The summer before my last semester at Berkeley, I had an interview with the founder of a startup. He was relatively unknown, and told me that he could only pay me $10 an hour, but that I would learn a lot. I didn’t think it was enough, so I turned the offer down for one that paid $25 an hour. He went on to build multiple companies and today he’s worth a substantial fortune.

Looking back, it was one of those decisions that increased my earnings in the short run but decrease my earning potential in the long run. I made a long-term sacrifice for a short-term gain.

When I graduated from the MBA program at Pepperdine in April 2009, the job market was the worst it’s ever been. If the market had been good, the degree by itself would have capped my earning potential at about $90,000 per year. I could have tried to find a job where that was my salary. But rather than do that, even if it meant significantly less money, I decided to focus on increasing my earning potential.

It’s likely I would have made more money at a day job than I have in the last seven years. But my business partner, Brian, made a really good point:

“It’s important to look at our trajectory as much as we do our current circumstance. A good trajectory, while it may not increase your earnings instantly, could be increasing your earning potential significantly over time.”

In the past seven years, I’ve built the Unmistakable Creative, where I’ve interviewed 700 people, become a published author, and been paid to speak. As a result, I also learned a ton and got an education that kicked the crap out of the one that I got in school.


Increase Your Earning Potential by Becoming a Life-Long Learner

In the movie Scent of a Woman, Chris O’Donnell takes a job housesitting for a blind companion played by Al Pacino. When he arrives at the house, and Pacino’s niece leaves, he says to Chris O’Donnell to pack up his bags because they’re heading to New York City. When he says, “New York City is too much responsibility,” Pacino replies, “What are you, some kind of chickensh*t who sticks to job description only.” Pacino understood what it meant to increase your earning potential.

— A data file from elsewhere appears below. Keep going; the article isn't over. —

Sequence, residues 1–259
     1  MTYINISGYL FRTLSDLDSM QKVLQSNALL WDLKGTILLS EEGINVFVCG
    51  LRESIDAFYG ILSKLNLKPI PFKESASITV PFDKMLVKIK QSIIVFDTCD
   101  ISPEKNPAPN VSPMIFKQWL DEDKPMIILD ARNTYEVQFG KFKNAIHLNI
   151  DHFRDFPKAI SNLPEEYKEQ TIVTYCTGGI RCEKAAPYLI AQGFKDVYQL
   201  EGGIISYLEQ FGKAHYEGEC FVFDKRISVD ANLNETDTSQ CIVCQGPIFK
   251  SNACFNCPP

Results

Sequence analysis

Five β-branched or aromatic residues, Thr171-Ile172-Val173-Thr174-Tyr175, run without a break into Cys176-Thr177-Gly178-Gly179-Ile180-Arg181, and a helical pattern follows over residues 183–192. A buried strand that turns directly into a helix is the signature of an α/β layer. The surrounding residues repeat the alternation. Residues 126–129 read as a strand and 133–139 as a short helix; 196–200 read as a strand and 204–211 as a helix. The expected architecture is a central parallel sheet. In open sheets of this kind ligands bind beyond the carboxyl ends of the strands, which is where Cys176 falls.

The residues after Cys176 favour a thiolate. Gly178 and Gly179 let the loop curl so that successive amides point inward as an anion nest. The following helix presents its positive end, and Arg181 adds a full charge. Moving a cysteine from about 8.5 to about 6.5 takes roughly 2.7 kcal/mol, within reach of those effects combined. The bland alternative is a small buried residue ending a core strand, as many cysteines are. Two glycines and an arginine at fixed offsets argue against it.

If you look at top performers across any field, they all have one thing in common—they’re all lifelong learners:

  • They read books about their industry
  • They enroll in courses and actually complete them
  • They go to seminars and conferences for their industry

And they go above and beyond the bullet points in their job description. They’re what Seth Godin would call “linchpins.”

You can increase your earnings or you can increase your earning potential. In the short run, it might boost your ego to increase your earnings. In the long run, increasing your earning potential will have a much more significant ROI. In many ways, it’s about planting seeds today for who you eventually become.

You increase your earning potential not necessarily by choosing the opportunities that pay the most, but the ones that cause you to grow the most.



This article was originally published on Medium. It has been republished here with permission.


Photo of man focused courtesy of Peopleimages/Getty Images.